Just a Bit Off the Top – Working with Aggressive Dogs

  Happiness is not a matter of intensity but of balance, order, rhythm and harmony.

   – Thomas Merton

aggressive-dog

If you know anything about Darwin Dogs, you know that we don’t cotton much to extremes of any kind.  Extreme thinking is, well…rather extreme.  Not every behavior issue can be resolved with a click and a treat, and not every dog behavior requires a shock collar.  There is plenty of room for moderate, balanced training.

A few years ago I was presented with a very difficult dog named Chex to train.  Chex’s owner was very forthcoming with the issues.  He bit.  Everyone.  And not just a nip, it was all out aggression.  His owner, we’ll call her Annie, was concerned because she had already had another trainer out there.  I assured Annie that it was a situation that could be worked with.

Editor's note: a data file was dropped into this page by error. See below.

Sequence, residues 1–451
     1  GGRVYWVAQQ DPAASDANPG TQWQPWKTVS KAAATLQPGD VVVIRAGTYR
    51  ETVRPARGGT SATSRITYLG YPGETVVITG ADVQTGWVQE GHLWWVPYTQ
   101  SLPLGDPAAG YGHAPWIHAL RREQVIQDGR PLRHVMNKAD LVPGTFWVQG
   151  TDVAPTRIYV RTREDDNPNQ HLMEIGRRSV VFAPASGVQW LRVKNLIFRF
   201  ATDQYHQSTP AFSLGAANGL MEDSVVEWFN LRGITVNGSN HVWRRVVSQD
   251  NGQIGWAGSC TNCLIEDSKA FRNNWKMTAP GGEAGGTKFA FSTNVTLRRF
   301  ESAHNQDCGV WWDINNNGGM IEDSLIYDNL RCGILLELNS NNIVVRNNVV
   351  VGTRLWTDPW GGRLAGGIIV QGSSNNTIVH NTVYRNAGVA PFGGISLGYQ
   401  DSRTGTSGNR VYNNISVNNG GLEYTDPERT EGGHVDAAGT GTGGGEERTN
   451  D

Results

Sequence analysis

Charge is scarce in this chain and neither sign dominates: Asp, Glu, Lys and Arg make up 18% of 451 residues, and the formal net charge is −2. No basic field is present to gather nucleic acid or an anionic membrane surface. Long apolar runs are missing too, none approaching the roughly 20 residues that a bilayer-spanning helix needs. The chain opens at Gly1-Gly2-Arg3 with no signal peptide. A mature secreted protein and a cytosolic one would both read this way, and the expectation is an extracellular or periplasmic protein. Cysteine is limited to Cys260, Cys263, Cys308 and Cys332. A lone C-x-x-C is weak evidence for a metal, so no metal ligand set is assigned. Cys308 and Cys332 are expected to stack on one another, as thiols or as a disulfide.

I walked in the door and met Annie’s partner, Susan.  Susan was being followed by a very docile looking Border Collie mix.  This looked so much easier than what I had been preparing for!

“Oh, this isn’t Chex!  This is Sadie, my dog”, Susan informed me.  “Annie is in back with Chex.  She wanted to make sure you were safely here before she brought him out.”  Great.   I asked her to bring out Chex.

Out came a writhing 35 pound mass of dog, dragging his owner at the end of a harness.  Chex was out for blood. There was an intruder in the house (me!) and Chex felt the need to let everyone know that this wasn’t okay, and the situation was dire!

This is what Chex looked like to me.  Only a little less stable.

This is what Chex looked like to me. Only a little less stable.

Chex was in full-out panic mode.  His choices of flight or fight having been reduced by the fact he was restrained by a leash, he went all out on fight.  I knew I had to get him under control as quickly as possible.  That’s where I made a mistake.  See, Chex was on a harness.

Harness. n